One session showing a slowdown for the same heart rate isn't anything to worry about, but if your results are trending down in pace and up in heart rate over a few weeks, that's your overtraining flag right there. 

    To help understand the data, focus on average pace and average heart rate per session. Uploading your data to Strava is also helpful here, as even the free accounts allow you to track this data more easily over time.

    Overtraining symptom 4: getting sick more often

    2-3 colds a year is pretty standard but any more than this, particularly allied to them either turning up in quick succession, or simply dragging on for ages is a great sign you're overtrained and your body needs a breather. 

    Endurance training naturally reduces immune function anyway thanks to Post Exercise Immunosuppression. But with a healthy training protocol, good sleep and a great diet, there's no need for this to have any effect - this post explains more

    Overtraining symptom 5: a rising injury rate

    A worn out body isn't recovering from training properly, so while you're merrily breaking it down in training if you don't give it the time to rebuild there's no benefit to the accumulated work. 

    As overtraining hits in the later stages, this results in injury rates rising. The good news is even at this point, there are warning signs, usually as previous niggles begin flaring up again and making themselves known. 

    If this pattern's repeating and increasing over a few weeks, you're tipping into overtraining.

    Remember the same goes for a worn out mind too. Thanks to the brain-body connection, mental stress and tiredness can manifest as physical injuries and weaknesses. Worth bearing in mind that when work or life is running you hard, your body may need more TLC to absorb your training positively. 

    Overtraining symptoms - how to recover 

    With the symptoms covered, now lets look at dealing with them. Good news? It's really very simple:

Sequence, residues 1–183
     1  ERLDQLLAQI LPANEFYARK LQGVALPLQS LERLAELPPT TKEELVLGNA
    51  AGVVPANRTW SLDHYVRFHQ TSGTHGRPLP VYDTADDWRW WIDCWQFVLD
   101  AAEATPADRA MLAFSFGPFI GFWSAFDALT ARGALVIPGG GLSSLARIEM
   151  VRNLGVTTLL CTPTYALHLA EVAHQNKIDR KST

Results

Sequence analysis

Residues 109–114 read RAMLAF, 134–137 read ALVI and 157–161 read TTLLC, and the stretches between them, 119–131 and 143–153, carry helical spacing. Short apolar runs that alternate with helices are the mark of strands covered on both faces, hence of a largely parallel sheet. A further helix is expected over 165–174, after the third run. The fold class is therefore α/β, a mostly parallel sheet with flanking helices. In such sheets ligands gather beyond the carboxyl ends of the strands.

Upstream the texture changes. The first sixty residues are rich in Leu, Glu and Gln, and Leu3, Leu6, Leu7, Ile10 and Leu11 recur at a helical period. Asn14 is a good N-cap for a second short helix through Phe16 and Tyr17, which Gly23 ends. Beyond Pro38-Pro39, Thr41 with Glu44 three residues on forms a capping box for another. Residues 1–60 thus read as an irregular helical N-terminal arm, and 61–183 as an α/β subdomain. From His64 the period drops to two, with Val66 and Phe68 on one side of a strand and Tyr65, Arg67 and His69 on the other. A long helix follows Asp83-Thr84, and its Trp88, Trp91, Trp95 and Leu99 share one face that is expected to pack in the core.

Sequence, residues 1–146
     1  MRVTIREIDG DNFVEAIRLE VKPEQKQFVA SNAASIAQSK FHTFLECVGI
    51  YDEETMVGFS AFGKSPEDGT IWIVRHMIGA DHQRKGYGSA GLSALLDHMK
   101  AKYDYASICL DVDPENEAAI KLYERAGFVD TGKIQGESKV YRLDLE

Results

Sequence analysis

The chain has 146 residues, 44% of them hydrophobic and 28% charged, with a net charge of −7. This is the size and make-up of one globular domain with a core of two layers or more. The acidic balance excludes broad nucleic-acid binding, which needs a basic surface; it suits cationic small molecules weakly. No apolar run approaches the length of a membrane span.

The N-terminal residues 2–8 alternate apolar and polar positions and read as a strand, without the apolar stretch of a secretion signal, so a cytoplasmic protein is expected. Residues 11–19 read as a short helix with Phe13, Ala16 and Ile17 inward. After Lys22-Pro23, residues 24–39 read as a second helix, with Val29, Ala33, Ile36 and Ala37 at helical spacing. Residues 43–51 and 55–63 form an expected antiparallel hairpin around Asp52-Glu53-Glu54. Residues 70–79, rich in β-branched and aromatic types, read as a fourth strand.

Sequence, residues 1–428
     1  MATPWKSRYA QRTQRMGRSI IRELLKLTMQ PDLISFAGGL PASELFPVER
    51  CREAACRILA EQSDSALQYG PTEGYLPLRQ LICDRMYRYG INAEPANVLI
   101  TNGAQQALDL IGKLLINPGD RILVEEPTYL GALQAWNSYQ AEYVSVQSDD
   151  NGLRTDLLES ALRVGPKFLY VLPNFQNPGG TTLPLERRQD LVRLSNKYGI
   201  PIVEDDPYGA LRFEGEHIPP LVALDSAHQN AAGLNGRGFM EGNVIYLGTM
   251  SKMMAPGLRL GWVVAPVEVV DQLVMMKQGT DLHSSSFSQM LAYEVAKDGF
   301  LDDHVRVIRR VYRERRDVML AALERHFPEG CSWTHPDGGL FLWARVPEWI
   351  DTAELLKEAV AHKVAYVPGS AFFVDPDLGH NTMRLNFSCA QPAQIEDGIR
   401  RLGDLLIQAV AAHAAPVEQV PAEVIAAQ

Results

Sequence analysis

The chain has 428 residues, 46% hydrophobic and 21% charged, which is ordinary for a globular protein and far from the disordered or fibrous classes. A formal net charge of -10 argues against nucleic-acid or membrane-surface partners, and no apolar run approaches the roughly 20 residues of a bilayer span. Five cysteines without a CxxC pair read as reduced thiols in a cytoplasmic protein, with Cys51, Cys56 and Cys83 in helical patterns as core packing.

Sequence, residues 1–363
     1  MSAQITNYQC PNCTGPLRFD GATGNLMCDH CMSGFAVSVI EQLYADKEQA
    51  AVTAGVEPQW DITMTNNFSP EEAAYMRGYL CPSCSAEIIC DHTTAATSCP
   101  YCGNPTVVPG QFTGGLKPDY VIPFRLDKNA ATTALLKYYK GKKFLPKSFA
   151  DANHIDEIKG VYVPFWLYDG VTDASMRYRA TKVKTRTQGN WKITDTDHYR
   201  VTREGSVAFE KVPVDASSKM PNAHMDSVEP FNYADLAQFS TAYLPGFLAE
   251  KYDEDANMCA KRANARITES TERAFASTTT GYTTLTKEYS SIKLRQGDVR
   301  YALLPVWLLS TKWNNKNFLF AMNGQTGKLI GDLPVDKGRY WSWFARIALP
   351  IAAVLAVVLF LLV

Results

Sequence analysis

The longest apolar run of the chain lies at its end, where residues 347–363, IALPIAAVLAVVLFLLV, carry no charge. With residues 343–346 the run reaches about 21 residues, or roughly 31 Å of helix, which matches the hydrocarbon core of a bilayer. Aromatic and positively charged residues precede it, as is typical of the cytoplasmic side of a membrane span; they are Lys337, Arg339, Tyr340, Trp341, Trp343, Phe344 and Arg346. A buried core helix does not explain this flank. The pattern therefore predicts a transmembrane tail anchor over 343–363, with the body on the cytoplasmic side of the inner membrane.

Overtraining symptoms 3

    Beat overtraining and getting back to training will feel like its all downhill

    • Eat well: we're talking loads of fresh fruit and veg, plenty of water, and out with processed foods, alcohol and soda. For an added size 10 boot in the backside to banish overtraining and maximise results, we recommend incorporating 33Shake's Pre and Post Workout Shakes into your training and racing. These deliver the most beneficial nutrient hit from 33 of nature's most powerful athletic superfoods to supercharge your fueling and recovery from those big sessions and races.  
    • Sleep & nap: sort your sleep hygene, pack the zeds in, and when life gets in the way consider power naps - this post on sleep for athletes goes into more detail
    • Hydrate: nice and simple, drink plenty of water to help loosen your body up, flush toxins and help your immune system do its thing
    • Move: but gently, so while threshold sessions, FTP turbo smashing, and all other manner of pain cave work is out, yoga, daily stretching, foam rollering and walking are all in. For more on how to rest powerfully, our tapering guide here has all you need to know

    Beat overtraining symptoms 33shake pre and post workout shake

    33Shake Pre and Post Workout Shakes: your ultimate overtraining insurance